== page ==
• In part this mistreatment of Oberammergau-bound hikers might be due to a fairly obvious passive/aggressive inferiority complex vis a vis the hugely successful neighboring village. Further proof: the path up the Laberberg to Oberammergau, once you finally find it, is of a positively medieval quality, unlike any other trail I have been on in Bavaria. Funnily enough, Oberammergau seems to be aware of, and not above teasing Eschenlohe for, this attitude. How else to explain the cheery "Welcome to Oberammergau!" sign at the saddle, where the medieval trail from Eschenlohe is abruptly transformed into a perfectly laid-out, white, crushed-stone, path?
  • Then there are the restaurants, or rather the lack thereof: nowhere else in this part of Bavaria, at least in my experience, will you find all three of the village's restaurants closed in the middle of a hot summer's afternoon. It's just not done... someone always stays open for the tourists. However, I guess for chicken and egg type reasons, perhaps there are no tourists in Eschenlohe.
  • Lastly, there is a little bit of local history which suggests another explanation for the visitor-unfriendliness: the inhabitants of Eschenlohe are just plain incompetent. In 1999 a major flood on the Loisach caused extensive damage in Eschenlohe. This wasn't entirely unexpected: state planners had been warning of the danger for years, and for years the village had been discussing flood control measures, but had been unable to agree on any of the proposed plans (despite the fact that the vast majority of the costs were going to be borne by the state of Bavaria and not by the village). In any normal place you would expect that the 1999 flood would have led to a quick decision (closing the stable door after the horse has bolted, sure, but that's only human). Not in Eschenlohe. In 2007 there was extensive damage from another major flood... because they still hadn't agreed on a plan. Sigh.
  • Oberammergau. What a contrast to Eschenlohe! This picture-perfect village is one of the loveliest in the Alps and is well worth a rest day to get to know. Archaeological evidence shows that the Ammer valley was already settled in Celtic (pre-Roman) times. The name means "Upper Ammer Meadow", whereby "Ammer", the name of the river, also has Celtic roots ("Ambra") and means "quietly flowing". Documents first mention the village in the 9th Century, when one of the major north-south roads through the Alps from Venice to Augsburg ran through the Ammertal.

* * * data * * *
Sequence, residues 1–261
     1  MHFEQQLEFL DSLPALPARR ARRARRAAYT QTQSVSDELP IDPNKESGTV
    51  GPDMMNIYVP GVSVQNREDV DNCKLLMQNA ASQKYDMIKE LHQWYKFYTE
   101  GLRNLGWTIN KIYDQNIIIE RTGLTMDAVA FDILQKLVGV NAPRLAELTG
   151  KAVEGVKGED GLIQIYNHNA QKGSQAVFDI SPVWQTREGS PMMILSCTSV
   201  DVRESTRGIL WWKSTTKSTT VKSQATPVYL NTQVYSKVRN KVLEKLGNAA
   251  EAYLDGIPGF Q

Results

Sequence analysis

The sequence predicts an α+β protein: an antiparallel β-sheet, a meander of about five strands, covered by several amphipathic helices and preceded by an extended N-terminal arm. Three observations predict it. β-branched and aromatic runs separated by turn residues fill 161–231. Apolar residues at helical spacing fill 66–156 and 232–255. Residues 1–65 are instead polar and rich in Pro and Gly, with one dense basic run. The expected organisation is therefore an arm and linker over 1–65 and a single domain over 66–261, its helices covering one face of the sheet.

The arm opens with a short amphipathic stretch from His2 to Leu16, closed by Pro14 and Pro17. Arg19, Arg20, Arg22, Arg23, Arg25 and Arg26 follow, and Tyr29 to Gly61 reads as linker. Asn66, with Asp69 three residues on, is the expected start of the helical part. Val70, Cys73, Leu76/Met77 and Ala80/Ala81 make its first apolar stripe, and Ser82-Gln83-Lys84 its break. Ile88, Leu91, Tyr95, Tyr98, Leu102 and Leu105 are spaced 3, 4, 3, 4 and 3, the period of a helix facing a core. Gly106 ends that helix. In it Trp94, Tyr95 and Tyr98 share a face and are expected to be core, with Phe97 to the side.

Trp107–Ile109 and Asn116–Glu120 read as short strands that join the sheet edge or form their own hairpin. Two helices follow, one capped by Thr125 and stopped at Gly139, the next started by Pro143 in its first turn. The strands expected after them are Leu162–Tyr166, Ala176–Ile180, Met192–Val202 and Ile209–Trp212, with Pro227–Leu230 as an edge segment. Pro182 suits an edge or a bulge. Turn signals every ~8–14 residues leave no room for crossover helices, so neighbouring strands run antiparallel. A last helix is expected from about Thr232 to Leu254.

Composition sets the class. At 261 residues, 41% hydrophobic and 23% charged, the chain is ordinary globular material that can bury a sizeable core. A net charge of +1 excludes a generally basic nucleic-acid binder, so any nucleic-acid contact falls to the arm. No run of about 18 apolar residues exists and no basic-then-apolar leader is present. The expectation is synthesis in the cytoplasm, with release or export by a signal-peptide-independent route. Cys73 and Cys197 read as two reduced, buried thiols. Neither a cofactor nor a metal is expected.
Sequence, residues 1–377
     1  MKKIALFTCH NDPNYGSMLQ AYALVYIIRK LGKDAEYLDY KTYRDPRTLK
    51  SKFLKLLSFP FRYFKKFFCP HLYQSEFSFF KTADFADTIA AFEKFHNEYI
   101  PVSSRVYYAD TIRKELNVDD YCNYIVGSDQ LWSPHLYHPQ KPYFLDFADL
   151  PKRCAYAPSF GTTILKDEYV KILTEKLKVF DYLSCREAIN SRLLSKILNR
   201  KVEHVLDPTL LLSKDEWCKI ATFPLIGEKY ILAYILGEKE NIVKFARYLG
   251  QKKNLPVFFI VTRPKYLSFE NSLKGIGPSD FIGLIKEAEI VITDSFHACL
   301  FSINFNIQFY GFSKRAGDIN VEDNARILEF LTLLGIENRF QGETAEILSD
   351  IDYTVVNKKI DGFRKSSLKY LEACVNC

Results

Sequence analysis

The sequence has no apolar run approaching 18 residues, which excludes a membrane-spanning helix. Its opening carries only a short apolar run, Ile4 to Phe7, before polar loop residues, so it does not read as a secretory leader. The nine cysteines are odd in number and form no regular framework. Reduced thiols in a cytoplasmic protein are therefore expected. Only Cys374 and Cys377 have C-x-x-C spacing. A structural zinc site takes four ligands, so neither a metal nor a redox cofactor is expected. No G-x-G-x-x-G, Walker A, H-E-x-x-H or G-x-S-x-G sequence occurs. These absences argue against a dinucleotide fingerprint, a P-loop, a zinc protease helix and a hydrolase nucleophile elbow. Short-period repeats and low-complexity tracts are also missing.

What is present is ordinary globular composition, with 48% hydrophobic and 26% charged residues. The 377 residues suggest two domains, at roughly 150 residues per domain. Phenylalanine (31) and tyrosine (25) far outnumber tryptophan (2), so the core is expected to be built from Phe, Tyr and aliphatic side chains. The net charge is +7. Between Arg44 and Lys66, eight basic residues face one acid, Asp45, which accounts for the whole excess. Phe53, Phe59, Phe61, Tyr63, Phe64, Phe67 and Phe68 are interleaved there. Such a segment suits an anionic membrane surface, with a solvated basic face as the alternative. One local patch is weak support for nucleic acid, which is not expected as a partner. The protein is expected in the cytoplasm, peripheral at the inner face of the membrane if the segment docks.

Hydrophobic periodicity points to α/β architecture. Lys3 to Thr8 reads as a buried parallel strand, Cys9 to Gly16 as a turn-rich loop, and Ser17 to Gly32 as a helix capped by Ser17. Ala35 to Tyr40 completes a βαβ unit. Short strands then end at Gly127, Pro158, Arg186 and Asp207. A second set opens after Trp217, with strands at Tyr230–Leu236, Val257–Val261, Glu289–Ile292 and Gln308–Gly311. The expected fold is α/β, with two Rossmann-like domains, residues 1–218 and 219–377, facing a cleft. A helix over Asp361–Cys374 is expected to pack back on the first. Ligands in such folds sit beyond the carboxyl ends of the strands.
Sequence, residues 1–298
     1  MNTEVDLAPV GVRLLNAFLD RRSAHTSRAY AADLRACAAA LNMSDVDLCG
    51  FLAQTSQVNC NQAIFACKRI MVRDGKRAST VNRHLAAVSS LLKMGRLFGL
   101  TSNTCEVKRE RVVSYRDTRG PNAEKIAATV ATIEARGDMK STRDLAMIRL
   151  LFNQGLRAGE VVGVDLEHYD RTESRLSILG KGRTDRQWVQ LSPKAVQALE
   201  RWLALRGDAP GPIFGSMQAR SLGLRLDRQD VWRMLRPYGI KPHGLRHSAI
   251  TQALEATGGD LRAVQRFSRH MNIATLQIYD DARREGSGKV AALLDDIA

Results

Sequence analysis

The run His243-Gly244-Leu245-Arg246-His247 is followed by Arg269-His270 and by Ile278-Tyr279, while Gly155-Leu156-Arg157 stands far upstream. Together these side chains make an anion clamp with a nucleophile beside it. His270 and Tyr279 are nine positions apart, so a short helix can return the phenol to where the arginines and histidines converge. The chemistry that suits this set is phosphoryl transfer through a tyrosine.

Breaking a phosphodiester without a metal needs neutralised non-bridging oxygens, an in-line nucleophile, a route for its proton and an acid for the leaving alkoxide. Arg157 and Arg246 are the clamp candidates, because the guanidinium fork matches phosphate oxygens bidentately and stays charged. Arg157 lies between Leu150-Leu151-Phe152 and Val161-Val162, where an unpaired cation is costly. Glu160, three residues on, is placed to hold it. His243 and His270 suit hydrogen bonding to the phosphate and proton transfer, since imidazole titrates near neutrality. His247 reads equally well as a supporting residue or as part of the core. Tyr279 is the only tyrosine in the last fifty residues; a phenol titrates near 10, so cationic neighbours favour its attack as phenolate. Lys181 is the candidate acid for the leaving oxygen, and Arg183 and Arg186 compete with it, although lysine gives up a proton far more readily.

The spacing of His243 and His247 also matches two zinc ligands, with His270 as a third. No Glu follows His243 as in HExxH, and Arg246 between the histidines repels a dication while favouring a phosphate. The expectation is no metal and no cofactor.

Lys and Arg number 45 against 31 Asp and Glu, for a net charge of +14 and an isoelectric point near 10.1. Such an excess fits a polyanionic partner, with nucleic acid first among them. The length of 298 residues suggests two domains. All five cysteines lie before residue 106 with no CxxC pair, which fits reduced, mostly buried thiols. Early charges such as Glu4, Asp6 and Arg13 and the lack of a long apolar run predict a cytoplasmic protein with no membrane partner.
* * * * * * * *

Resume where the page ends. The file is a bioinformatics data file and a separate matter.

• The root of the village's wealth dates back to 1332, when it received the right to be one of the stops on the Rottstrasse -- a feudal monopoly on trade over the Alps which specified how goods were to be transported, by whom, and where they could be sold. The right that Oberammergau received in 1330 was the so-called "Niederlagsrecht" (right of entrepôt), which meant that goods being transported through the village had to be unloaded from wagons and deposited in warehouses for a certain number of days, thus generating substantial direct and indirect revenues for the village.
  • Essentially the Rott was a tax on trade. The medieval economy was very different from a modern economy in that it was based upon monopolistic rights and privileges that were "granted" to specific towns or individuals by the rulers of an area, either in exchange for a yearly sum of money, or sometimes as a reward for services rendered. Most significant towns in Europe trace their rise back to specific rights that were granted them in the Middle Ages.
  • If you look in Oberammergau you can find a memorial to the Rott: it is in a quiet side street -- a bronze sculpture of a man on a wagon.
  • With the rise of modern nation-states and the changing of trade routes in the 16th and 17th Centuries the Rott gradually lost its importance and was finally shut down in the middle of the 18th Century. However, by then Oberammergau had found another -- and probably eternal -- source of wealth, although it wasn't until the 19th Century that it became a major money-spinner: the Passionsspiele.
  • Passionspiele (Passion Play). Today Oberammergau is famous for its Passionsspiele, which has been performed every ten years (more or less) since 1634. Passion Plays portray the events leading up to and just after the death of Jesus. They used to be quite common: villages and towns would commit themselves to staging them as an expression of piety or in thanks for some perceived grace bestowed upon them by God.
  • In 1633 the plague came to Oberammergau and many died. In October the villagers swore that if they were spared they would, as thanks for deliverance from the plague and in order to forestall its return, henceforth stage a Passion Play every 10 years. From that day onwards the plague deaths stopped, and with two exceptions (in 1774 and in 1940) the play has been performed at least once every 10 years since then.
  • Only those who live in Oberammergau can participate in the production... and an astounding 50% of the 5,000+ inhabitants are involved one way or another. In the last two hundred years the Oberammergauer Passionspiele have become ever more famous -- and ever more unusual as other towns and villages gradually stopped their own performances -- and it is today a major tourist attraction. In 2000 the 40th Passionsspiele had over 100 performances (each about seven hours in length!) and was seen by almost half a million people.
  • You can read more about the Passionspiele here.